I’m still convinced Cody Wild is a better player than the Oilers imply. In spite of trips to the ECHL and comments from coaching and management types about the holes in his game, math likes Cody Wild and so he’s on the list again. The current crop of Falcons defenders is an interesting group of youngsters along with those tough hombres who probably run the league in the corners with their toughness and experience.
In a lot of ways the AHL is all about how quickly Wild (#37) can learn enough from Dean Arsene (#29) to make himself useful in the NHL. Wild doesn’t have draft pedigree and his skill set is duplicated by a higher pick (Chorney) so he’s going to have to be clearly better in order to move up the depth chart. Let’s start by listing two quotes from VIP’s in the Cody Wild career development plan.
- (08-09) Jeff Truitt: “You can just tell he’s got an offensive flair, he likes to jump into the rush. It’s a learning process no doubt coming out of college to the American League is obviously an adjustment for him. We’ve had him watch tape and he’s learning, it’s part of the education and process a first year player has to go through but he’s been a good student so far.”
- (09-10) Rob Daum: “Cody has the ability to make a brilliant play and then in the next shift defies any kind of hockey logic. That inconsistency is really a detriment to Cody’s game right now. The other thing is that he has to play with a little more edge to his game.”
Truitt would later send him to the pressbox and eventually the ECHL, while Daum used him quite a bit when he took over behind the Falcons bench late last season. This year, Wild has played in 20 of the club’s 28 games and has once again showed well offensively. His 6 powerplay assists rank him second on the Falcons and in the league’s top 30 overall in that category.
Last season Jonathan Willis ran the toughness of competition minutes and found Wild was at about the same level as Chorney (and that Chorney couldn’t handle them). This season we don’t have that information yet but do have the boxcar plus minus numbers and can draw some conclusions based on implied roles.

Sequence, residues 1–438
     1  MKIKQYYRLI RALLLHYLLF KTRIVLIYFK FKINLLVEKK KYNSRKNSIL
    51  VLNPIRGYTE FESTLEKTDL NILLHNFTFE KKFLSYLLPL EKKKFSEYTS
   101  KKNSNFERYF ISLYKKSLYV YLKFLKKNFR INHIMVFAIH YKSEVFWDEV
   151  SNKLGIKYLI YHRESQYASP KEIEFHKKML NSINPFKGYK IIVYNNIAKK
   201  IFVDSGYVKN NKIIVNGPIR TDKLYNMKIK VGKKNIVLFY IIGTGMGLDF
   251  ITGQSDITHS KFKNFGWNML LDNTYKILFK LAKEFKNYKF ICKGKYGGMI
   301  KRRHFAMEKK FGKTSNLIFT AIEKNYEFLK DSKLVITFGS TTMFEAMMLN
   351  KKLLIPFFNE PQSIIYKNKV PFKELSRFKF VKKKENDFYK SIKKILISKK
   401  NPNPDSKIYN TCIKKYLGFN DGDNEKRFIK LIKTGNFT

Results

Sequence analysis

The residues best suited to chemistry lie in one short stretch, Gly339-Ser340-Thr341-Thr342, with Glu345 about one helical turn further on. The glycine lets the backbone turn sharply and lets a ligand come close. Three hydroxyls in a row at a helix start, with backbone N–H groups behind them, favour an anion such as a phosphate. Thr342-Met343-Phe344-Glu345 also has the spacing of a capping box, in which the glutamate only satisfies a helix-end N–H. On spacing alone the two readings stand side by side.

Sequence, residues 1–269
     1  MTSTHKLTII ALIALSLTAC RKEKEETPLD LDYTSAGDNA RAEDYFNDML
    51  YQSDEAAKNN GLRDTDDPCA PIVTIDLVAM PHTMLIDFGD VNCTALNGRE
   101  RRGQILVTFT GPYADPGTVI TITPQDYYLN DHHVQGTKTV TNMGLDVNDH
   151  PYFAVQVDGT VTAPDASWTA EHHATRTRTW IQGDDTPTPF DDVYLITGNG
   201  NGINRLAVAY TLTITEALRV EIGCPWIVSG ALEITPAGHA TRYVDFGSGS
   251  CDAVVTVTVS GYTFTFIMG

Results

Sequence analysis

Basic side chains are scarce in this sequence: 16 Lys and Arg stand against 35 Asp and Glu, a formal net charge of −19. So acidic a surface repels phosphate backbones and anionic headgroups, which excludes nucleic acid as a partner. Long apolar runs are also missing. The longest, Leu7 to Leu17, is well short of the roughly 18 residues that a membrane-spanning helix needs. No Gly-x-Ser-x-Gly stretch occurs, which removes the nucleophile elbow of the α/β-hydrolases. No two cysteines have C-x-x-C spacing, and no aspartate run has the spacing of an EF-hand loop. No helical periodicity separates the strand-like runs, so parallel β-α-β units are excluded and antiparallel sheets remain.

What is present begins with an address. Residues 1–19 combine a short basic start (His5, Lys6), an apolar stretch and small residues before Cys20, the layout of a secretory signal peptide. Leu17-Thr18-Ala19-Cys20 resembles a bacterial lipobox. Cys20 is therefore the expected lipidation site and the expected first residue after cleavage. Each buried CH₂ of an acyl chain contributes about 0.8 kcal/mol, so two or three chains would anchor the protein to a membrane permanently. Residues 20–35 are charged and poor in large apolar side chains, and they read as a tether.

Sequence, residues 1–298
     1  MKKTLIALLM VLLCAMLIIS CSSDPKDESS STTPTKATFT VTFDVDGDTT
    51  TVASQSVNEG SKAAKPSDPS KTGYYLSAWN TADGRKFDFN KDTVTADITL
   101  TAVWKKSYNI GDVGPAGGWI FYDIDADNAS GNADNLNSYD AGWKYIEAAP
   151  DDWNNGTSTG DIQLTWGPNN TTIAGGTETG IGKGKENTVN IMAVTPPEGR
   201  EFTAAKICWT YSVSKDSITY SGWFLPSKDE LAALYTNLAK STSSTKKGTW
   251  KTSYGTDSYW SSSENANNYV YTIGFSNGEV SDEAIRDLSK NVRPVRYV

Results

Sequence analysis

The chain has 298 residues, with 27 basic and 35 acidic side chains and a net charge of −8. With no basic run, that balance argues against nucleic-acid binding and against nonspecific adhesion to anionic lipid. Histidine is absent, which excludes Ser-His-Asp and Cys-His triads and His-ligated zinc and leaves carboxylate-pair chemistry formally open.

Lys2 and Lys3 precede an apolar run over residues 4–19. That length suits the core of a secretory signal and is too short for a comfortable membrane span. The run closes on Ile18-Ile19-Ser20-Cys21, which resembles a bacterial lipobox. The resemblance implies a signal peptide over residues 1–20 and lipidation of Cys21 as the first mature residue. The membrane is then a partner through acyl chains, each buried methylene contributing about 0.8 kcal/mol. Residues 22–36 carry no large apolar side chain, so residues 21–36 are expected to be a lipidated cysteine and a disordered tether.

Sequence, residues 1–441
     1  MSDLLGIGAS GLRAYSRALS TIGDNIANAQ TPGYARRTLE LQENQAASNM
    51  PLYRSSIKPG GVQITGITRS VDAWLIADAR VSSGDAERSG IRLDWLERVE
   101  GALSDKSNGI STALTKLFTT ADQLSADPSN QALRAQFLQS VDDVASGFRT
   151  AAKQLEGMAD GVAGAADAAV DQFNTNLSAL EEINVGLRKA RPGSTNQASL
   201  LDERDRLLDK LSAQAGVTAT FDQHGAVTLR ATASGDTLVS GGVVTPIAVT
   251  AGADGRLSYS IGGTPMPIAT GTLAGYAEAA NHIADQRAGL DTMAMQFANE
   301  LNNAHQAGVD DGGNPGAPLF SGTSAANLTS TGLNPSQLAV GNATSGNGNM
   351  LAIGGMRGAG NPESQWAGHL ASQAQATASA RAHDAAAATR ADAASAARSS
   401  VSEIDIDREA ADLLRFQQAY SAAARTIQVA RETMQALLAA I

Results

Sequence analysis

- Johan Motin 22gp, +3 (+.136 per game)
- Dean Arsene 17gp, +2 (+.118 per game)
- Theo Peckham 20gp, +1 (+.05 per game)
- Jake Taylor 26gp, -3 (-.115 per game)
- Alex Plante 26gp, -6 (-.231 per game)
- Chris Armstrong 24gp, -7 (-.291 per game)
- Cody Wild 20gp, -7 (-.35 per game)
- Taylor Chorney 5gp, -5 (-1 per game)
This doesn’t account for heavy lifting, but I’d say that Arsene, Peckham and Taylor would probably be facing the toughs and Plante has apparently moved up a little on the depth chart. Either way, we know Wild was playing some tougher competition a year ago and that’s probably true again this season.
I think Wild is most certainly among the top 20 Oilers prospects and that in the 92 AHL games, 6 ECHL games and many HS’s he has shown that the gap between he and Taylor Chorney is far less than what the Edmonton Oilers believe.
He also has very specific things that he’ll need to work on (decision making, positioning, playing with an edge) and although he’s in the ideal league to do it (the AHL grinds prospects into a fine white powder but those old guys like Arsene can flat out play defense) it is going to take some time and we should consider him a long term prospect. It also wouldn’t surprise me to see him dealt in a “Danny Syvret-for-Ryan Potulny” type deal at some point down the line. Oilers have his skill set duplicated all over the system.